A poem written in 1918 by well-known Russian poet Alexandr Alexandrovich Blok, called "Двенадцать" ("Dvenadsiat"). It describes the situation in post-revolutionary Saint-Petersburg and then narrates about Bolshevick soldiers going through it. They talk about their former comrade Vanka, who left them for his love for Katka. They condemn him for it, and when they meet him, they try to kill him, but kill Katka instead of him. Peter, who shot her, regrets about it, but his comrades scold them for "whining", and tell him to "be tough", because "it isn't time to coddle you". Twelve soldiers praise revolution and shout revolutionary slogans. The poem ends with a mention of Jesus Christ, which is considered one of the most controversial parts of the poem and has different interpretations.
The poem provides examples of :
- Accidental Murder: Katka is accidentally killed in the sixth part of the poem.
- Belief Makes You Stupid: Petka is ridiculed for his phrase "Oh my Savior, what a snowstorm!".
- Bros Before Hoes: The twelve soldiers scold their former comrade Vanka for giving up military service because of his love for Katka.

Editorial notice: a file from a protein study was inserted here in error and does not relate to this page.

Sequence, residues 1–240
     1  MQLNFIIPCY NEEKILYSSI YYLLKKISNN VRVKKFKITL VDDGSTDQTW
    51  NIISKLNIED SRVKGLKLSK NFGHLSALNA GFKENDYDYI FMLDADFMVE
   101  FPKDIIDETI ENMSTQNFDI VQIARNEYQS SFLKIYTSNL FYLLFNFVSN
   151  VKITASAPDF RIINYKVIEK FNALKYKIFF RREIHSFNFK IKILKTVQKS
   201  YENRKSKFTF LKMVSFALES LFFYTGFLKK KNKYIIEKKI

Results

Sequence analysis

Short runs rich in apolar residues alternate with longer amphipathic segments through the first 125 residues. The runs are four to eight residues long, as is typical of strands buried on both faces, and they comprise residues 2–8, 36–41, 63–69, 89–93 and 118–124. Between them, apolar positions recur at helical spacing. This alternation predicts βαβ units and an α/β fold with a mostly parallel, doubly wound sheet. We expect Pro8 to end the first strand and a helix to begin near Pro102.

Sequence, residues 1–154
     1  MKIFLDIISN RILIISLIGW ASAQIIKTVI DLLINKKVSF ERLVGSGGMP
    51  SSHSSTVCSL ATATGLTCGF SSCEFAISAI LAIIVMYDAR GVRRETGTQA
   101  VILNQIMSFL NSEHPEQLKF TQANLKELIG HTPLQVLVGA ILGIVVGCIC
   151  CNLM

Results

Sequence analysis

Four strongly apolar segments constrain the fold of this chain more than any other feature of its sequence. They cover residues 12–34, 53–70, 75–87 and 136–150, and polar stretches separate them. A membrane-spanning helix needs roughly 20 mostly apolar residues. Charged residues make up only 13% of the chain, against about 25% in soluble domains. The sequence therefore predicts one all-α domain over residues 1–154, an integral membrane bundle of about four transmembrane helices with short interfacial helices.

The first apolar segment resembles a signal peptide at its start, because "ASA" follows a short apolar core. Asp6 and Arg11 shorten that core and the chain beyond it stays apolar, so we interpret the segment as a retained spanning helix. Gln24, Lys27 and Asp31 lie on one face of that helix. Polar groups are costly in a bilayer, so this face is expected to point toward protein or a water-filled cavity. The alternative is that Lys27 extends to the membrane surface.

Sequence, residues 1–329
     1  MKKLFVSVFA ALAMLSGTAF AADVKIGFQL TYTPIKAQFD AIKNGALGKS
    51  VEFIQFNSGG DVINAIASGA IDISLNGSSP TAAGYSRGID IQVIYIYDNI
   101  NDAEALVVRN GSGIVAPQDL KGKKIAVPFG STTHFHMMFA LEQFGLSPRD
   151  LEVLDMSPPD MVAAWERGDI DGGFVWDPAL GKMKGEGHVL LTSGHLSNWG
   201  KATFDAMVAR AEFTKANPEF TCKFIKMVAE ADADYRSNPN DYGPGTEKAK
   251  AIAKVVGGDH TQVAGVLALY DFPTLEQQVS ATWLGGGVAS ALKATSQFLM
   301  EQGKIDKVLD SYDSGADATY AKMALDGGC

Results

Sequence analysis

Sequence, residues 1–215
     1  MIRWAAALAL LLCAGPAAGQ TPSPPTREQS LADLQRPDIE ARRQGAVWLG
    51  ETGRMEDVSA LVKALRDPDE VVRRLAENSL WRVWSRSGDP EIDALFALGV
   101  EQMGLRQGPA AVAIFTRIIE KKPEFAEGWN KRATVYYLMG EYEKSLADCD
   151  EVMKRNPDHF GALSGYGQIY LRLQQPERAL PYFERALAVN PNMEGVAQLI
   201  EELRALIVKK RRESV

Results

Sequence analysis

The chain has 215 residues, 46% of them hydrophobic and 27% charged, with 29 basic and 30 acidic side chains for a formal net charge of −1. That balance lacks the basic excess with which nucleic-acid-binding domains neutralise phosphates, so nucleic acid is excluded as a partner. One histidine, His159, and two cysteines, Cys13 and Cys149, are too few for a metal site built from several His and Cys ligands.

- FaithHeel Turn: Freedom, freedom, ah-ah, without cross!.
- He Who Fights Monsters: The revolutionaries claimed to be fighting for people, but they condemn and then try to kill their former fellow Vanka, treated Katka's death as no big deal and even scolded Petka for regretting about it (saying that "there will be a harder time").
- Hostile Weather: The poem starts with a description of a high wind. In the tenth part of the poem the twelve soldiers face severe snowstorm.
- Men Don't Cry: Petka is scolded for regretting for accidentally shooting Katka.
- My Girl Is a Slut: Peter admits that he loved Katya, and he regrets about her death.
- The Revolution Will Not Be Civilised.
- Slut-Shaming: The fifth part of the poem is directed at Katya, who is shamed for her lifestyle.